How three no-hype mutual funds have outperformed

The funds have profited from hidden gems, bargain investments, and long-term focus

How three no-hype mutual funds have outperformed
While the average mutual fund has underperformed, several have consistently beaten their benchmarks over the years. And they’ve done so in unremarkable fashion, relying on low fees, low-profile investments, and long-term focus.

“Investing at its core should be boring,” Vijay Viswanathan, director of research at Mawer Investment Management, told the Globe and Mail. Under that investment style, the Mawer Canadian Equity Fund has achieved an annual average return of 10% over the last 20 years. In contrast, the average Canadian equity fund and the S&P/TSX total return index achieved just 5.8% and 7.2%, respectively, over the same period.

Avoiding short-lived fads, Mawer’s fund managers buy stocks based on good businesses, good managers, and bargain prices.  Like most of its peers, the Mawer Canadian Equity fund’s top holdings include big Canadian financial companies and energy firms, but smaller companies have helped them achieve strong returns over time. Unitholders in Mawer’s equity fund — which requires a minimum investment of $5,000 — also enjoy a management expense ratio of 1.2%, much lower than the average 2.5% for Canadian equity funds.

Another unsung hero, the North Growth US Equity fund, has generated annual returns averaging 8.6% over the past 15 years, beating same-period returns of 3.2% and 5.5% from the average US equity fund and the S&P total return index, respectively. “We do zero marketing. We don’t have a sales department,” said Rory North, North Growth Management CEO and lead portfolio manager. The firm passes on the cost savings to investors who reach the $150,000 minimum investment by limiting their annual fee to 1.2%.

Candidate stocks are selected for the North Growth US Equity fund based on their revenue growth potential. They are then bought when they trade at low prices. “[W]e simply stick to our growth-at-a-reasonable-price discipline,” North said.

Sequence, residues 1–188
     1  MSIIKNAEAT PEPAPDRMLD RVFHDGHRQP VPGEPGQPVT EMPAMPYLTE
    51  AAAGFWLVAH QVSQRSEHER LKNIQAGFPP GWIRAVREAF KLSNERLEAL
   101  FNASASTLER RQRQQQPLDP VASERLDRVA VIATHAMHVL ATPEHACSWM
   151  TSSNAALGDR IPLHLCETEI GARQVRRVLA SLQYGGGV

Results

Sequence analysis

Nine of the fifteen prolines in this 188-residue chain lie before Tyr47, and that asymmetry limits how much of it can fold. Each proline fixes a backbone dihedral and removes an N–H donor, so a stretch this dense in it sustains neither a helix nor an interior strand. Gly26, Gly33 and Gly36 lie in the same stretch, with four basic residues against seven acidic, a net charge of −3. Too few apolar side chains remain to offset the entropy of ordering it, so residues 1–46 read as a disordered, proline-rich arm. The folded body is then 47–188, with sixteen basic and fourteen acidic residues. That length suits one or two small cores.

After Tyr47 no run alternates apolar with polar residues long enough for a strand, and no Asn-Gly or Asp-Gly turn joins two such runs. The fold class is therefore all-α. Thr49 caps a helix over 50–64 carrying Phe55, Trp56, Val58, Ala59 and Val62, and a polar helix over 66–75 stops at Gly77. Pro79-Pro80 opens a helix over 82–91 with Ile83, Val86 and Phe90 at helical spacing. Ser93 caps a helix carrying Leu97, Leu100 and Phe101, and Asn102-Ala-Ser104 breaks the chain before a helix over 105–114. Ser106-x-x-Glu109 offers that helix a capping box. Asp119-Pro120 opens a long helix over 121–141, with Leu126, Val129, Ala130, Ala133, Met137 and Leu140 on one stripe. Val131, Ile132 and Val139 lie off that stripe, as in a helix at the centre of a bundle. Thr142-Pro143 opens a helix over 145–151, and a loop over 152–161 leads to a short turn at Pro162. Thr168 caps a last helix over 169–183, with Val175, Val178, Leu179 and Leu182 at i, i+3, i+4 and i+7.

On the European and emerging-markets side, which has lagged over the past two years, the Leith Wheeler International fund has achieved a 15-year average annual return of 7.6%. In comparison, the average international equity fund rose just 3%, and the MSCI EAFE Total Return index advanced only 5% in the same period.

The Leith Wheeler International fund is sub-advised by Sprucegrove Investment Management, which has a value-based focus and $20 billion in global equities under management. “They invest bottom up, company by company,” said Michael Job, Leith Wheeler Investment Counsel vice president and portfolio manager.

Open to high-net-worth investors with a minimum investment of $500,000, the fund has an annual management fee of just 1.63%. Despite this, investors benefit from the best bargain-hunting capabilities, made possible by SpruceGrove’s deep pockets.

“If they can’t meet with management from their offices in Toronto, their analysts will go to Japan or Brazil or Europe … to get what they feel is a comprehensive understanding of the business,” Job said.

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